Read more: Nikkor Z 24-120mm f/4 S review
The Nikon Z 28-75mm f/2.8 is an absolutely stunning lens – which gives your a fast standard zoom with a maximum aperture of f/2.8 throughout its zoom range. The alternative is the more professional Nikon Z 24-70mm f/2.8 which costs well over twice the price. The extra investment would get you slightly better corner sharpness, but otherwise we'd put the two on a par optically. The zoom range is slightly unusual, and the wide-angle end only stretches out to 28mm, but we were impressed when we tested this lens - and its size makes it a great lens for travel.
Other ultra-wide Nikkor zooms have come along since this one, but we think the Nikkor Z 14-30mm f/4 S is still the best match for the Nikon Z5, thanks to its compact retracting design, wider-than-usual angles of view (even for an ultra-wide zoom) and its relatively affordable price for a lens of this type. Like pretty much any S-line lens, it comes bearing a customizable control ring, and a fast and near-silent stepping motor autofocus system. There's no internal stabilization, as the lens relies on the in-body stabilization mechanism of the Z5 and Z7 II, and it also has no physical focus distance scale. Some photographers may dislike this omission; many won't be bothered. Image quality and performance are absolutely excellent. Corner-to-corner sharpness is on point, especially for such a wide-angle lens, and it also comes with a removable hood that makes it easy to attach filters via the 82mm attachment thread. This is important for a wide-angle, as many simply can't take filters due to their bulbous front elements.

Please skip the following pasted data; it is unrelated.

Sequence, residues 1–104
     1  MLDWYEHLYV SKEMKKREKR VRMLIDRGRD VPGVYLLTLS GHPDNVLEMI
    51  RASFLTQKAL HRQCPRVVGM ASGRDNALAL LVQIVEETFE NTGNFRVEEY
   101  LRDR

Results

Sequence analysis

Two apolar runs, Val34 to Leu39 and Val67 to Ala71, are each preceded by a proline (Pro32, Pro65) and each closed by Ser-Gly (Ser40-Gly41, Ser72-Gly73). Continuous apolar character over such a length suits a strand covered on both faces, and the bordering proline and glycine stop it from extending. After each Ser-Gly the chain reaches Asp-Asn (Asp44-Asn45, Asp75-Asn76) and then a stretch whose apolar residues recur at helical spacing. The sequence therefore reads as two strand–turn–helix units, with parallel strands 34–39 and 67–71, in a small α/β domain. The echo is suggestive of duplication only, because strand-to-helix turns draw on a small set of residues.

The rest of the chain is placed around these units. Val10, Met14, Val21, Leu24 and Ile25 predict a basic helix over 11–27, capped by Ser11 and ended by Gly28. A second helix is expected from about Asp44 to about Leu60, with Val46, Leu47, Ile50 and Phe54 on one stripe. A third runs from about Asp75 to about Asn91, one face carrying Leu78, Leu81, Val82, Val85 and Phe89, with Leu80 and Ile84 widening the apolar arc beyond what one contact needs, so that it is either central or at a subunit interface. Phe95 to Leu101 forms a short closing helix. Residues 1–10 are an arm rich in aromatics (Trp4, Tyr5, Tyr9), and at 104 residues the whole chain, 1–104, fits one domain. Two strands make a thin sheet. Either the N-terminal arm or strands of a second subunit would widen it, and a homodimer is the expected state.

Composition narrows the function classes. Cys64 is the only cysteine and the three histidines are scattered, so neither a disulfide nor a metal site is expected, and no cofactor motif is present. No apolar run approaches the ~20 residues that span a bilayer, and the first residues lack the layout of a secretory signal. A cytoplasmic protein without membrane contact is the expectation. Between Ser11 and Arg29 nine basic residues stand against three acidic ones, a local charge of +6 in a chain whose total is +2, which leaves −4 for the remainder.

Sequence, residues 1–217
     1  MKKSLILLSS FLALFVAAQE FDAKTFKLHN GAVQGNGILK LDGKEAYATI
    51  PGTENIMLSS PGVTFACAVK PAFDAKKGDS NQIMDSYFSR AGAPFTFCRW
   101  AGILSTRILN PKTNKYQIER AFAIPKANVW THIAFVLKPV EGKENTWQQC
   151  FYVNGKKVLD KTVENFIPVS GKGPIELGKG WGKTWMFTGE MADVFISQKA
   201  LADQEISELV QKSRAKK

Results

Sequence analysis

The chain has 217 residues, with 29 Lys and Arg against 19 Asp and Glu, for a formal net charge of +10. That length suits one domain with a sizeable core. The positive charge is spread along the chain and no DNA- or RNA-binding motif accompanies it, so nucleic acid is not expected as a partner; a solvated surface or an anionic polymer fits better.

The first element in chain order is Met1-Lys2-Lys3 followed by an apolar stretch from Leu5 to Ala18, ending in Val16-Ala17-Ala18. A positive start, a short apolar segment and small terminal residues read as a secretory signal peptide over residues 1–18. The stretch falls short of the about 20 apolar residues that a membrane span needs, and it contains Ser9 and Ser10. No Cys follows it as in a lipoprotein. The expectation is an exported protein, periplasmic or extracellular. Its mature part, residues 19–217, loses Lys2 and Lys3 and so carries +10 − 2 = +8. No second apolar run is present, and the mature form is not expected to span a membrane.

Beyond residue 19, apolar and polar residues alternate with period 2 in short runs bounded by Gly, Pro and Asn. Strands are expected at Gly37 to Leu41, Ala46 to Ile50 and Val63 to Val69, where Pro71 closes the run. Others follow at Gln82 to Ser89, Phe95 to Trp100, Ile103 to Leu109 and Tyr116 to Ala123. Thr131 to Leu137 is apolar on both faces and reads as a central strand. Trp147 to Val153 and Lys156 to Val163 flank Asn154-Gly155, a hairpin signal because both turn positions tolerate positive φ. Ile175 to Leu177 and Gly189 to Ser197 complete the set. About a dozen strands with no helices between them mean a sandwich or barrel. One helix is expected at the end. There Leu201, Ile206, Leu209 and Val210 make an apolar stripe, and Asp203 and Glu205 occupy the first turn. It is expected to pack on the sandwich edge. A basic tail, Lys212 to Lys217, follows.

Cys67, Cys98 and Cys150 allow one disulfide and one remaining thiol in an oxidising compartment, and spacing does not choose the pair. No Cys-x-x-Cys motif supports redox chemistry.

Read more: Nikkor Z 14-30mm f/4 S review